No – Phil is great. We got along from the first time we met because we both love boxing. Phil’s so enthusiastic about everything, it makes him so much fun to be around. Then, when it’s game-time, he gets up there on stage and does what he does. from side-stage, I was blown away by what that man does. An amazing commander of audiences – maybe the best ever. The reason : he IS a fan, so he knows how to relate.

Why do you think there was such negativity from members of Down, at that point there would have never been a Pantera reunion?

I don’t think it was anything to do with Pantera actually. I think it was personal issues/ insecurities, but who knows. All I know is that they tried to make things difficult. I’m Scottish – I don’t get easily put off.

It was Rex’s story to tell, was he aware of the negativity?

We never discussed it and we never let negativity enter the equation at any time in the process. We had a job to do, we knew how to do it, so it was a case of getting it done.

I am sure there were many conversations, what was Phil’s take on the creation of the book?

I have no idea. Phil and Rex have a very mature approach to each other’s projects, that is they don’t discuss them in public. A lot more people should adopt that kind of policy!

Absolutely, how long did it take for you to complete the book?

From start to finish, maybe two years. It seemed more like 20


Were you a metal fan before writing your books?

I’ve been a metal fan 30 years, yes.

Was the Pantera story one you wanted to know as a fan before the project or did it turn you into more of a fan because of it?

Both I think. I was always a fan but I would be lying if, after sitting with Rex for weeks, that I didn’t become a bigger fan.

Did you have to separate how you felt as a fan to get to where you could work together professionally?

I don’t think being a fan does any harm. But -like any job – you have to focus on the processes that need to be done to get the job from point A to point Z . It just happens to be a lot more fun than the process of putting together a latte in Starbucks , I guess.

Early on you mentioned your James Hetfield book. “James Hetfield – The wolf at Metallica’s door” Was the process the same for that that project?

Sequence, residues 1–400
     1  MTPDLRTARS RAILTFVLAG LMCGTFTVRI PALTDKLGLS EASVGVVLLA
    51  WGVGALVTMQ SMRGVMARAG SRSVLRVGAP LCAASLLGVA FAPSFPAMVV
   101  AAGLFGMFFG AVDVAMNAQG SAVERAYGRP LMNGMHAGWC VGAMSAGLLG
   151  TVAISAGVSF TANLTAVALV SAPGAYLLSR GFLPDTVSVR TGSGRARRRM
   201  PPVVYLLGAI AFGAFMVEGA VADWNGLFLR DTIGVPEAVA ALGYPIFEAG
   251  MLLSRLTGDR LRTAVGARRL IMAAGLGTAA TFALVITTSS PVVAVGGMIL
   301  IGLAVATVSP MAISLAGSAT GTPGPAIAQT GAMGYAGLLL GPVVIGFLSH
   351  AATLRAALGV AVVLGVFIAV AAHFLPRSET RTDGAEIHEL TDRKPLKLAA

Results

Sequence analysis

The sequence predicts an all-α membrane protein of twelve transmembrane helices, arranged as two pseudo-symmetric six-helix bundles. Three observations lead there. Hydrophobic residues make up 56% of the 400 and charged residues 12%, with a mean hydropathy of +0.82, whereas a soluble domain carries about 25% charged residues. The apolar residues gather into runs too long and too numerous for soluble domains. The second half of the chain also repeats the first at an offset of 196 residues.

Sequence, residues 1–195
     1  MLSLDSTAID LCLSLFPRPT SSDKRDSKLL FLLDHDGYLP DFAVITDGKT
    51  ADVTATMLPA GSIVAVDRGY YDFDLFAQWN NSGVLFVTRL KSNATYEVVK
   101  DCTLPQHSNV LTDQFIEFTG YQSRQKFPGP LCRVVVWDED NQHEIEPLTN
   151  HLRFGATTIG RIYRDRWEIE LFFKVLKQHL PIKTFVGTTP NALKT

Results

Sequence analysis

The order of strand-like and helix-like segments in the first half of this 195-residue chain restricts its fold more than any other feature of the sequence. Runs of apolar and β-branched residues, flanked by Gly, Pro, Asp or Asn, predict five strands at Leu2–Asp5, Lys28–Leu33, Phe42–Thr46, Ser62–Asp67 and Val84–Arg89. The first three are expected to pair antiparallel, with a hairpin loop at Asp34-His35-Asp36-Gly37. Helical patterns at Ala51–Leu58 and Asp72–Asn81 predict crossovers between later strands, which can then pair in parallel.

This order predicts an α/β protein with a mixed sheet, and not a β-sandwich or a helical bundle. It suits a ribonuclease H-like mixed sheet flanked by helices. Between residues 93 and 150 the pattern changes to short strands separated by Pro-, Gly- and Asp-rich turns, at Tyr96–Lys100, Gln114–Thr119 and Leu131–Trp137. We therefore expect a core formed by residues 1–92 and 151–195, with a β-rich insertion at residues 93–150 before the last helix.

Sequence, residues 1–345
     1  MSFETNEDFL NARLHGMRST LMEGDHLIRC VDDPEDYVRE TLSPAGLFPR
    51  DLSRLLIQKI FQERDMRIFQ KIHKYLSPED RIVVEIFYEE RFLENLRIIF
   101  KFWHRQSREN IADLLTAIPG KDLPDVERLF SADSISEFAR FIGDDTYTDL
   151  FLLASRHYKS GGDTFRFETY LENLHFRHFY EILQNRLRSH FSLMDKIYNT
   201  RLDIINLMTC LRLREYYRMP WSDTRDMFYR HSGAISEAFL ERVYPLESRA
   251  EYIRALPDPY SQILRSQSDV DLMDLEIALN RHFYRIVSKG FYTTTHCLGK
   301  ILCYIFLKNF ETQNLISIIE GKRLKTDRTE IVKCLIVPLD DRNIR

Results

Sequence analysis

Totally different. That was an unauthorized biography so I was on my own.

Does that mean no feedback from James and just lots of research?

Correct. Lots of research, lots of interviews with people who worked with/ know him – all of whom were amazingly helpful.

There is a negative stigma with the word “unauthorized”, did you go into the project that way or was it circumstances that changed how you would go into the book?

I think the negative stigma came about because there are a lot of awful books of that kind out there which are no better than wikipedia. In my case, I wanted it to stand out by sourcing brand new information- some of which we couldn’t publish for legal reasons. That was annoying.

Without going into the entire book who is the James Hetfield that is portrayed in the book?

Having met the man twice, I know he’s a much nicer guy than he is sometimes portrayed. He’s a complex, very intelligent man who knows his business inside out. Talk about all-time greats within any genre of music not just heavy metal – he’s right there.

Were the meetings for your purposes of the book or were they just random meetings?

I met him in ’86 after a concert in Edinburgh that they played on that amazing tour with Anthrax. He and Cliff Burton came into the bar I was in. Then I met him again 2009 sometime.

Have you received feedback from James regarding the book?

Nope – nothing. I do know that there was copy kicking around the Metallica offices in San Francisco that Kirk Hammett was looking at. That’s good to know.

Is it tough for you putting all that work into a book and you cannot just call him up and talk about it? Almost like you had to do the whole project behind a closed door.

That’s what unauthorized means. You’re on your own. I really enjoyed the process and am mostly happy with how the book turned out. Part of the format had to include brief reviews of their albums – that part I didn’t enjoy. I mean, how do you review Master Of Puppets and do it justice!

You can’t, Without trying to get you sentimental, if you could communicate a message or thought to James what would it be?

I don’t think I have anything particularly to say to him. Metallica have been a huge part of my life and through the process of working in this industry I’ve come to realize that people are just people. The fact their image is plastered all over billboards and their records are played on the radio doesn’t change that. We’re all human beings. I think some fans lose sight of that and make these people something they aren’t.

What’s next for writer Mark Eglinton?

I have a couple of things in the works. I don’t just focus on music orientated collaborations. A good life story is a good life story and I enjoy other interests : sports/ movies etc. That’s not to say that if a great rock memoir collaboration came along, I wouldn’t do it- but it would need to be the right project and the right person.

Last question, What was your review of Master of Puppets?

Haha. I can’t remember exactly what I said ( buy the book to find out, people) but it was life-changing for me when I was sixteen. Then, as I got older, I learned to appreciate it more.

Thank you Mark!